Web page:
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CHAPTER V.--THE UNIVERSITY AT CAMBRIDGE AND ENCOURAGEMENT LITERATURE, ETC.

Article Index

 

SECTION I.-- THE UNIVERSITY

ARTICLE I. Whereas our wise and pious ancestors, so early as the year one thousand six hundred and thirty-six, laid the foundation of Harvard College, in which university many persons of great eminence have, by the blessing of God, been initiated in those arts and sciences which qualified them for public employments, both in church and state; and whereas the encouragement of arts and sciences, and all good literature, tends to the honor of God, the advantage of the Christian religion, and the great benefit of this and the other United States of America, it is declared, that the PRESIDENT AND FELLOWS of HARVARD COLLEGE, in their corporate capacity, and their successors in that capacity, their officers and servants, shall have, hold, use, exercise, and enjoy, all the powers, authorities, rights, liberties, privileges, immunities, and franchises, which they now have, or are entitled to have, hold, use, exercise, and enjoy; and the same are hereby ratified and confirmed unto them, the said president and fellows of Harvard College, and to their successors, and to their officers and servants, respectively, forever.

II. And whereas there have been at sundry times by divers persons, gifts, grants, devises, legacies, and conveyances, heretofore made, either to Harvard College in Cambridge, in New England, or to the president and fellows of Harvard College, or to the said college by some other description, under several charters, successively; it is declared, that all the said gifts, grants, devises, legacies, and conveyances, are hereby forever confirmed unto the president and fellows of Harvard College, and to their successors in the capacity aforesaid, according to the true intent and meaning of the donor or donors, grantors or grantors, devisor or devisors.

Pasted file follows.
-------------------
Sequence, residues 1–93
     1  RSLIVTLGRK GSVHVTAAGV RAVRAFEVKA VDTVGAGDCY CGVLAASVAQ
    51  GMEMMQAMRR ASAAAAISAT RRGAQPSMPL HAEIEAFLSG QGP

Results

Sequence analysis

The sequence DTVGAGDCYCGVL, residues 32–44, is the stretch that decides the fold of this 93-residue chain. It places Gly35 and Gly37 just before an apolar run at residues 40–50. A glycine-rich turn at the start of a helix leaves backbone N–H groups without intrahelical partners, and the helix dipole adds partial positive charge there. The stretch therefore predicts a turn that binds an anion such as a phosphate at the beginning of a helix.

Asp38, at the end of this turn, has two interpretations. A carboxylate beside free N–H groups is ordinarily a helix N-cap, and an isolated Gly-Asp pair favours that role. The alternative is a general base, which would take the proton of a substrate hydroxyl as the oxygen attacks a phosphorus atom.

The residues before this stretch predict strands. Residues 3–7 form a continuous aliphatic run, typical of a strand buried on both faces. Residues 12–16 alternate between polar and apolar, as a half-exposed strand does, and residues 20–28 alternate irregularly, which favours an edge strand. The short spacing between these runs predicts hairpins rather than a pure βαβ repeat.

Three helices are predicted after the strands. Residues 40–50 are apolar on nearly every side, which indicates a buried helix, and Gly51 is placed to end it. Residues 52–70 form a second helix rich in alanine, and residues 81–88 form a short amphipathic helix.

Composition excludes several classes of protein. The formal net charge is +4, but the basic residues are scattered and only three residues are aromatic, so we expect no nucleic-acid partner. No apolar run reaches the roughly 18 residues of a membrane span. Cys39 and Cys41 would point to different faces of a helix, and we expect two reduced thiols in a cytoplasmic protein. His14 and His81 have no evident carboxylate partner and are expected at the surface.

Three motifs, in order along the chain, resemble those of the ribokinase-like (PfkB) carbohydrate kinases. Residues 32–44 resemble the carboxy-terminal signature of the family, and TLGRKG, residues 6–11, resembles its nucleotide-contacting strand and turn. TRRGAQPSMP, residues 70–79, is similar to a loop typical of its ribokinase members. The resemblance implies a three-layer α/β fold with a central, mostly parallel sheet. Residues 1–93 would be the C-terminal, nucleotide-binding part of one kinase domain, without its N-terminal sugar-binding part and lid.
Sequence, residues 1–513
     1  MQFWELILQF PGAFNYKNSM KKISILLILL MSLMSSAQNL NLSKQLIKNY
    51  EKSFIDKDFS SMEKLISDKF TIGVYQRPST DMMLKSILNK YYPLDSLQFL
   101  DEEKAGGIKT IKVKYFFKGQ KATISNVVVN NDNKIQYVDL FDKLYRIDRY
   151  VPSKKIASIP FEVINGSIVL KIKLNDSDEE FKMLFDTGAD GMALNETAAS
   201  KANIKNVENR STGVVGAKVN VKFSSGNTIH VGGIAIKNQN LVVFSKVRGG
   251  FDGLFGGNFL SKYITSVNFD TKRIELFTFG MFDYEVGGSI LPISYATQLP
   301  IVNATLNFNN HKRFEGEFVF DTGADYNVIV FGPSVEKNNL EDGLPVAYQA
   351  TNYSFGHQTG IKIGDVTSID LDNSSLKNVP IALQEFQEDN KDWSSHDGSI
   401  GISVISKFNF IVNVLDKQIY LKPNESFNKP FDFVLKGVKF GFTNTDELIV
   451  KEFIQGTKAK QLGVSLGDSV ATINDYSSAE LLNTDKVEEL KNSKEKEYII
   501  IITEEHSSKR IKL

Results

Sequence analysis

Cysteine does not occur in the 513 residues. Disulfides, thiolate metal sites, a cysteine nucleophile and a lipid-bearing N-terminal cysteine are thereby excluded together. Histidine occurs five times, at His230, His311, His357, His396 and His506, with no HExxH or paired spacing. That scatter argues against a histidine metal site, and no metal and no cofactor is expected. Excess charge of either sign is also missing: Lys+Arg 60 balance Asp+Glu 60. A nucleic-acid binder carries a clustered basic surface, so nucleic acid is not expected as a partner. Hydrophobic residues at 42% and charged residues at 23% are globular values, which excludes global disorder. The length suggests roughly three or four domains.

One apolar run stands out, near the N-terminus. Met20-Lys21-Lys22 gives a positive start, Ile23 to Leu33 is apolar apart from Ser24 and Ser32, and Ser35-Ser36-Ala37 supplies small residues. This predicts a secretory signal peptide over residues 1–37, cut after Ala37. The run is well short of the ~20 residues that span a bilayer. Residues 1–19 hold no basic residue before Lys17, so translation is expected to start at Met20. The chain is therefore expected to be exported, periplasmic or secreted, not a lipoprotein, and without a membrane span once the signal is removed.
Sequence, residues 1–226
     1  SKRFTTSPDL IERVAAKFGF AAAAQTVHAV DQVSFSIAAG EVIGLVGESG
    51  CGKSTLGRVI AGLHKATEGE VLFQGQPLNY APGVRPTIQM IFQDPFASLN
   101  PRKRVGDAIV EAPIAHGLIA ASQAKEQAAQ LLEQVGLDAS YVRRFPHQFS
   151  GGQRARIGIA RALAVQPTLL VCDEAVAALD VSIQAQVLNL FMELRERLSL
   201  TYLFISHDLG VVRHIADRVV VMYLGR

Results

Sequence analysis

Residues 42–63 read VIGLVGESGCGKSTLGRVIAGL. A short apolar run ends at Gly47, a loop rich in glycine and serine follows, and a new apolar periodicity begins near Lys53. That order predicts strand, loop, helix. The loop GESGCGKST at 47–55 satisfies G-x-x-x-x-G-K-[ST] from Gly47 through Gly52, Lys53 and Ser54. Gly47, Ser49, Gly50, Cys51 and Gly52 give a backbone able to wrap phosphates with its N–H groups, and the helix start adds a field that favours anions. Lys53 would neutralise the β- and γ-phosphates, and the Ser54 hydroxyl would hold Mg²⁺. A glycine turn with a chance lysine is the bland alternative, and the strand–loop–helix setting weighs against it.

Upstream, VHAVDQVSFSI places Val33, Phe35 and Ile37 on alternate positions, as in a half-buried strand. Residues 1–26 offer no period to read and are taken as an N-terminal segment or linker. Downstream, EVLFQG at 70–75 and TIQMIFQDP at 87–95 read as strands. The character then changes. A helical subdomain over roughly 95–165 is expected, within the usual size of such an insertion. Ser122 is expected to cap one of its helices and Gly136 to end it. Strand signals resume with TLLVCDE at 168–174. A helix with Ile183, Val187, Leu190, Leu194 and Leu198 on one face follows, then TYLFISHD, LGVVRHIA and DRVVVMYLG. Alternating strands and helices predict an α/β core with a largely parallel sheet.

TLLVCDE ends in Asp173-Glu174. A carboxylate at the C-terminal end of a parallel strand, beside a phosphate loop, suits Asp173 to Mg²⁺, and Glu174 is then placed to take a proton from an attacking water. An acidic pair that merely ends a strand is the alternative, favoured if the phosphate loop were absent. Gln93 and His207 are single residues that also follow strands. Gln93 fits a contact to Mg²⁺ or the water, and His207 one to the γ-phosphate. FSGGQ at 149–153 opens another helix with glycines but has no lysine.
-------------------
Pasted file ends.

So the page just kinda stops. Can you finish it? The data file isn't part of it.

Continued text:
III. And whereas, by an act of the general court of the colony of Massachusetts Bay, passed in the year one thousand six hundred and forty-two, the governor and deputy-governor, for the time being, and all the magistrates of that jurisdiction, were, with the president, and a number of the clergy in the said act described, constituted the overseers of Harvard College; and it being necessary, in this new constitution of government to ascertain who shall be deemed successors to the said governor, deputy-governor, and magistrates; it is declared, that the governor, lieutenant-governor, council, and senate of this commonwealth, are, and shall be deemed, their successors, who, with the president of Harvard College, for the time being, together with the ministers of congregational churches in the towns of Cambridge, Watertown, Charlestown, Boston, Roxbury, and Dorchester, mentioned in the said act, shall be, and hereby are, vested with all the powers and authority belonging, or in any way appertaining to the overseers of Harvard College; provided, that nothing herein shall be construed to prevent the legislature of this commonwealth from making such alterations in the government of said university, as shall be conducive to its advantage, and the interest of the republic of letters, in as full a manner as might have been done by the legislature of the late Province of the Massachusetts Bay.


a Wisdom and knowledge, as well as virtue, diffused generally among the body of the people, being necessary for the preservation of their rights and liberties; and as these depend on spreading the opportunities and advantages of education in the various parts of the country, and among the different orders of the people, it shall be the duty of legislatures and magistrates, in all future periods of this commonwealth, to cherish the interests of literature and the sciences, and all seminaries of them; especially the university of Cambridge, public schools and grammar schools in the towns; to encourage private societies and public institutions, rewards and immunities, for the promotion of agriculture, arts, sciences, commerce, trades, manufactures, and a natural history of the country; to countenance and inculcate the principles of humanity and general benevolence, public and private charity, industry and frugality, honesty and punctuality in their dealings; sincerity, good humor, and all social affections, and generous sentiments, among the people.

a For further provisions as to public schools, see amendments, Art. XVIII.